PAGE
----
Susan Tremont

Susan Tremont creates painted ceramic sculptures with organic forms heavily influenced by the subject portrayed, rather than by any obvious tradition or style.  Susan works on multiple levels, focusing on figurative forms, richly painted and textured surfaces, and spatial relationships, resulting in a body of work that effectively blurs  the lines between painting, sculpture, and ceramics. 

 Although they are obviously large vases or centerpiece-like objects, her works are also narrative sculpture.  Like the work of Mattie Leeds, the painted surface is as important as the form, even more so because the two are so thoroughly integrated.  Most of Susan's pieces reference human anatomy, with faces, hands, and the graceful curves of the human body.  Others are scalloped, with rounded petals like cacti, the erotic inner folds of a shellfish, or voluptuous budding flowers.  The end result is something mysterious like an anemone, at first disorienting, and then delightful in its complexity.



The painted surfaces combine strong design and pattern with flowing painterly details in critical areas.  Many contain richly colored floral designs, often on facial areas of the piece that seem to represent sensitive character, or inner beauty. Her older works are finished with a high gloss that adds vibrancy and saturation to the already full colors she uses.  

Painted elements that are not pure design tend to be narrative in nature, and combined with the form of the piece, create a story, portrait, or emotive statement.  Many reference pop-culture themes like Superman, Monopoly, maps, highway signs, and the Tarot.  Superman and Superwoman are full bodied and colorful, like the promise of the American Dream.  They are also contorted and exaggerated, like a political caricature.  Many of Susan's works share this irony and sense of humor that pokes fun at cultural stereotypes.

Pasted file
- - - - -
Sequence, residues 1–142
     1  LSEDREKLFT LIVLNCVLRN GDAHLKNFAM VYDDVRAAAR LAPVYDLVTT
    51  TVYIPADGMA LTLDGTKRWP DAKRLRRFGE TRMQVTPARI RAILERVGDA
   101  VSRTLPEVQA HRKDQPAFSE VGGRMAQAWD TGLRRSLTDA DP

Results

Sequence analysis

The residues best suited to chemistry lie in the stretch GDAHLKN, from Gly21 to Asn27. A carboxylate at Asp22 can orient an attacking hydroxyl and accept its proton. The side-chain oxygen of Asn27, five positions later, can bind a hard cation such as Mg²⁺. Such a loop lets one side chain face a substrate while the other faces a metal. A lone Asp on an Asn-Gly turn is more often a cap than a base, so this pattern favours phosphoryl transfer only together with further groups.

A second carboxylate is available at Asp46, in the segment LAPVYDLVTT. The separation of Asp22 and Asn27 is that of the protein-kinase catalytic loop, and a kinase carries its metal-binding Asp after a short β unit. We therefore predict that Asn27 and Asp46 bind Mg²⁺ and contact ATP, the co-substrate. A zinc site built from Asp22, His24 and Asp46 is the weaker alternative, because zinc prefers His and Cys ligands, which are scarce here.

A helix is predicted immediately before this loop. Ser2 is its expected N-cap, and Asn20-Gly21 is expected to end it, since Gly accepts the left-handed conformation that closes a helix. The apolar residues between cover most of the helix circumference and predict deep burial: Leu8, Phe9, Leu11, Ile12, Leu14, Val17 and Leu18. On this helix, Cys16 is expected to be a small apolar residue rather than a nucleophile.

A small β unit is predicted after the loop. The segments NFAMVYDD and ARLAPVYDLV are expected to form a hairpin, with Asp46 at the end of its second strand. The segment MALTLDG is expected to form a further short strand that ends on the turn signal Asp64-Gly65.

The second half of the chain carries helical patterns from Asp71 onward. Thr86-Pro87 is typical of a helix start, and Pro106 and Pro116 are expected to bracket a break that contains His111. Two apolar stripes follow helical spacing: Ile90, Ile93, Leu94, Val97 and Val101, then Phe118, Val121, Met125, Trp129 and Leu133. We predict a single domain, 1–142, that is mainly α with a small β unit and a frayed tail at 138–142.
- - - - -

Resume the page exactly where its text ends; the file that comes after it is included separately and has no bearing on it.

Unlike most functional ceramics, an important feature of Susan's work is the attention paid to both the inner and outer surfaces.  Like the subconscious mind, the interior  reveals hidden secrets and inner meaning, and literally adds another dimension to her work. 


By looking in, the viewer both satisfies an undeniable curiosity, and learns something new that adds to the total effect of the artwork.  Another significant theme in Susan's work is her representation of the human form.  Most of her pieces are actually figures, disguised and abstracted by the dominant painted surface and the form of the vessel. 

  Although some of her pieces are satirical, most are more personal in nature.  They are emotive portraits that evoke feelings of intimacy and passion.  Some enhance these feelings by combining multiple figures into one vessel.  Like a loving couple, two become one, frozen in an eternal embrace.   

Susan's newer work has taken on a more subdued finish, with muted organic colors in pastel blues, sienna's and ochres, creating a Mediterranean or Southwestern feeling.  These works are three dimensional representations of the landscape paintings of California artist Richard Diebenkorn.  Painted scenes are superimposed on both the inner and outer surfaces as if projected.  The boundaries between the painting, the sculpture, and its environment become confused. The result is an awareness of the piece as both an object and an image.  


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